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WHA: Civil Society Letter to WHO Member States

On Monday, 18 May 2009, on the first day of the 62nd session of the World Health Assembly (WHA), seven nongovernmental organizations sent a letter to WHO Member States on the outstanding components of the Plan of Action on Public Health, Innovation and Intellectual Property, contained in resolution WHA 61.21.

Dear WHO Member States,

During the 2008 World Heath Assembly WHO Member States reached unanimous consensus on resolution WHA 61.21 that adopted a Global Strategy and unfinished Plan of Action on Public Health, Innovation and Intellectual property.

The outstanding components of the Plan of Action should be finalized at the 62nd session of the World Health Assembly. WHO Member States will have to take important decisions concerning the stakeholders, time frames, progress indicators and funding needs.

Document A62/16 contains a report outlining the progress accomplished to date. Further work is needed. Specific actions are necessary from WHO and Member States to proactively implement the Global Strategy and Plan of Action. The Quick Start Programme lists a number of activities that WHO – irrespective of the Global Strategy and Plan of Action – is already implementing in existing work plans. It is important to see what new and additional activities WHO is planning.

Document A62/16 Add.2 contains the proposed progress indicators. Further work needs to be done on this issue also. For example, the indicators proposed are quantitative, when qualitative indicators are also required. It’s not just the number of indicators or the process that needs to be measured, it is the effect and the impact of these policy measures on public health. It is important that Members States contribute to the definition of such outputs measures at a national and regional level and that WHO is required, when it reports back on implementation, to include the results of such output measures.

We also call your attention on the document A62/16 Add.3 where the results of informal consultations among some Member States on stakeholders are presented. We are surprised that WHO has been removed as stakeholder in action 2.3(c) that “encourages further exploratory discussions in the utility of possible instruments or mechanisms for essential health and biomedical R&D, including inter alia, an essential health and biomedical R&D treaty.”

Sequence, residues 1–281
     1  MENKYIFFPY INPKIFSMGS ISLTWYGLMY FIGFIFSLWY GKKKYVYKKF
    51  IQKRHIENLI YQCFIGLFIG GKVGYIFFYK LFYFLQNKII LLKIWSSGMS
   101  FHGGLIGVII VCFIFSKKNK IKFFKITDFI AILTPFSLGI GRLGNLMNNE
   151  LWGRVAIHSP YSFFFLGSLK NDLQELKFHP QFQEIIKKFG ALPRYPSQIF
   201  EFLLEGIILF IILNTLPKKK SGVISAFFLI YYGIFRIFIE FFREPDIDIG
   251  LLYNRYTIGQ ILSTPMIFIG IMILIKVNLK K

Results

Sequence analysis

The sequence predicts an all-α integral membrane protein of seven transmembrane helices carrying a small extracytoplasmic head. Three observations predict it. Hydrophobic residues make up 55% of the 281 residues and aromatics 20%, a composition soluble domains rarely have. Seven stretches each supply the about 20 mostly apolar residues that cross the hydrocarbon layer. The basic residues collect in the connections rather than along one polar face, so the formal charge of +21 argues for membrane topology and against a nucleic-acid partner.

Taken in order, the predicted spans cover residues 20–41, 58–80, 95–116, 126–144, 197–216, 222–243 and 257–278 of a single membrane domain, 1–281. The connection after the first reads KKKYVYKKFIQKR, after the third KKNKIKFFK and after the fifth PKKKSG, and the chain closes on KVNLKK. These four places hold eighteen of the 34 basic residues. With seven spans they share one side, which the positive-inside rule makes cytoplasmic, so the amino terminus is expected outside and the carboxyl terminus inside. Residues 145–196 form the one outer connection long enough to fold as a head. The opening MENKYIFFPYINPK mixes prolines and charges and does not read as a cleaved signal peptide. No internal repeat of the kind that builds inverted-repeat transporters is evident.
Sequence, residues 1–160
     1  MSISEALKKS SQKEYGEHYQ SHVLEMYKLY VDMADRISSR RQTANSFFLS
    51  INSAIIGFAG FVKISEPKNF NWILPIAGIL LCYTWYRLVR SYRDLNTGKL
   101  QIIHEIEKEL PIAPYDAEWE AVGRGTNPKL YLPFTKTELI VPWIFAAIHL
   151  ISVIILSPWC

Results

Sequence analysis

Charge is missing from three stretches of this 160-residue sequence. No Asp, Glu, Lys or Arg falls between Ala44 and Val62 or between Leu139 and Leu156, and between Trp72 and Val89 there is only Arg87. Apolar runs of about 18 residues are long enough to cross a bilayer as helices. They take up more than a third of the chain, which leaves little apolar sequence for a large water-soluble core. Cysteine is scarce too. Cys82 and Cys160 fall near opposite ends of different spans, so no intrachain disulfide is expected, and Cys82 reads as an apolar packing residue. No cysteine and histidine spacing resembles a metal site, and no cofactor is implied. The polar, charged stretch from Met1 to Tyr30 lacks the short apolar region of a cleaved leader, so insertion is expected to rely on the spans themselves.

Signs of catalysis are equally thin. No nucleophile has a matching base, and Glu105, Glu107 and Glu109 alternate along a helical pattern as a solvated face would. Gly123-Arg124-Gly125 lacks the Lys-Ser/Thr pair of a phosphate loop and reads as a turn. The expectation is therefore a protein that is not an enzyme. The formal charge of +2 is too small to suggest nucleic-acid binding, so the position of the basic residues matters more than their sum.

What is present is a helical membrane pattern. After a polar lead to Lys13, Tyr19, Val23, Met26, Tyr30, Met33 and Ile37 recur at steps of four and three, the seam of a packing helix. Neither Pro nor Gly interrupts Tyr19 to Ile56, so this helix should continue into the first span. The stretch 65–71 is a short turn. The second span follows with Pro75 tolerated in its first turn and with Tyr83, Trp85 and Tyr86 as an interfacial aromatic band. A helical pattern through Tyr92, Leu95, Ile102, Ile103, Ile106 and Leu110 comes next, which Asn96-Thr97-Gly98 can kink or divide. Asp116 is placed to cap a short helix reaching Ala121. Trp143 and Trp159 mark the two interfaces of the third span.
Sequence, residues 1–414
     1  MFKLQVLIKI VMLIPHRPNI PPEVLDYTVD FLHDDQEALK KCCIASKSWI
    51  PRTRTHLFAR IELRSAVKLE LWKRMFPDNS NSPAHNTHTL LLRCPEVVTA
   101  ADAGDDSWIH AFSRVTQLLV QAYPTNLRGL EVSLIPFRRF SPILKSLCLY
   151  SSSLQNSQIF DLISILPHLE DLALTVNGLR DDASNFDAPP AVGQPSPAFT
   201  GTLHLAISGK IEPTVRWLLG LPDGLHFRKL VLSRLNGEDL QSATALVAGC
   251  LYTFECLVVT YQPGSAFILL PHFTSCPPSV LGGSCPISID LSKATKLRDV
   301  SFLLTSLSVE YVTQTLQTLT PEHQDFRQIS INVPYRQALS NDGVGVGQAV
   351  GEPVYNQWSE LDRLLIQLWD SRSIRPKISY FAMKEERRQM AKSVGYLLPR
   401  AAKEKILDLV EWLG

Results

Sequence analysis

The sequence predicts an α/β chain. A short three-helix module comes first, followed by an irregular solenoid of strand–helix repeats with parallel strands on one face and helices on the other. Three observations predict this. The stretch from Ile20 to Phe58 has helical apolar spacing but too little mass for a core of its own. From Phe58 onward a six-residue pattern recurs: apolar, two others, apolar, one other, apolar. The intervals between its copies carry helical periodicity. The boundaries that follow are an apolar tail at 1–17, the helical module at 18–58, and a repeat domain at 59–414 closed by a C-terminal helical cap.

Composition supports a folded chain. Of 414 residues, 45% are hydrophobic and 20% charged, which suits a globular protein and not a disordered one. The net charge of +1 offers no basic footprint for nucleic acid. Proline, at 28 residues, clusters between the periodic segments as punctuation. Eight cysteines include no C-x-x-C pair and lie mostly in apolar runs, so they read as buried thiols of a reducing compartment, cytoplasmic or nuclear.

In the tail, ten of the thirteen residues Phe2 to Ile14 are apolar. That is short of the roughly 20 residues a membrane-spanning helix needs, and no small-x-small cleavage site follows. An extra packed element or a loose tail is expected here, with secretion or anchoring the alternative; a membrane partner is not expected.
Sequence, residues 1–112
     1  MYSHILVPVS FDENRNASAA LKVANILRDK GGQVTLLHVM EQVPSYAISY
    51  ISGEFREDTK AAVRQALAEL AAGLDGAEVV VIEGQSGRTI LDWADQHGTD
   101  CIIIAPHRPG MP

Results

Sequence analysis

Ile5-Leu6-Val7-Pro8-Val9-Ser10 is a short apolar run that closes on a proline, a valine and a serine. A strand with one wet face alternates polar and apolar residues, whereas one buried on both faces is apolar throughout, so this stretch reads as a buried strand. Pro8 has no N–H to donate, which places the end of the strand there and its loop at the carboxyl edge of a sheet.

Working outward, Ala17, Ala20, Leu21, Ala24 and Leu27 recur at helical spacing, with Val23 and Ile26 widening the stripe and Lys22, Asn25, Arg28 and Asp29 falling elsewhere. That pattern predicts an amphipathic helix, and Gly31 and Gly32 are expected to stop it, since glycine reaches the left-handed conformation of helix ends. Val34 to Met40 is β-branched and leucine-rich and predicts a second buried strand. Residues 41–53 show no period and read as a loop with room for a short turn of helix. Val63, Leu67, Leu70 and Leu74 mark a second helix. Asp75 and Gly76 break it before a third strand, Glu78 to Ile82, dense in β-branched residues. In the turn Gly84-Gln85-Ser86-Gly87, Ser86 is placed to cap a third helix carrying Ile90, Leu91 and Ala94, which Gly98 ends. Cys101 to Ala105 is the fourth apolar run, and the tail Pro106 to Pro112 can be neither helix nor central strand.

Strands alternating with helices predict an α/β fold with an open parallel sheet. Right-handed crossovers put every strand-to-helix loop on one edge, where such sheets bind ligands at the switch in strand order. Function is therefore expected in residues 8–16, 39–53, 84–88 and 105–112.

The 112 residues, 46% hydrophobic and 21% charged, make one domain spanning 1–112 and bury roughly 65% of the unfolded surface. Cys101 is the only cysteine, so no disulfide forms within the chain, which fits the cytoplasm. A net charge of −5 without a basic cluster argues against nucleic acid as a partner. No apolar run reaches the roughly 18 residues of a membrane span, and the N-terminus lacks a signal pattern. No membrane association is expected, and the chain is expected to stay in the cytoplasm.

We are now more than seven years after the 2001 WTO Doha Declaration on the TRIPS Agreement and Public Health, and in the middle of a number of public health crises regarding both innovation and access to essential health technologies. We are facing our third recent alert for a new public health pandemic. There is a clear need for a discussion on what global norms for biomedical research and development are necessary. The WHO is the UN agency with the global mandate for health. It unacceptable that there would be any opposition to the WHO having a role in taking forward discussions on what global norms should be contained in a proposal for a biomedical R&D treaty.

Resolution WHA 61.21 is a result of a member driven process with active civil society engagement; however, the transparency of the decision making process that has allocated stakeholder responsibility falls short of a contributory democratic process. It would be against the spirit of WHA 61.21 if a narrow interpretation of the role of stakeholders which would exclude civil society was adopted.

The Global Strategy and Plan of Action is a unique document that has the potential to address public health needs with respect to innovation and access. We urge Member States, when finalizing the Plan of Action, to ensure that WHO is given an adequate mandate to advance this strategy. This will require that WHO adopts new approaches and has the ability to explore new ideas.

Essential Action
Health Action International
Health Gap
Knowledge Ecology International
Medecins Sans Frontieres
Oxfam International
Third World Network

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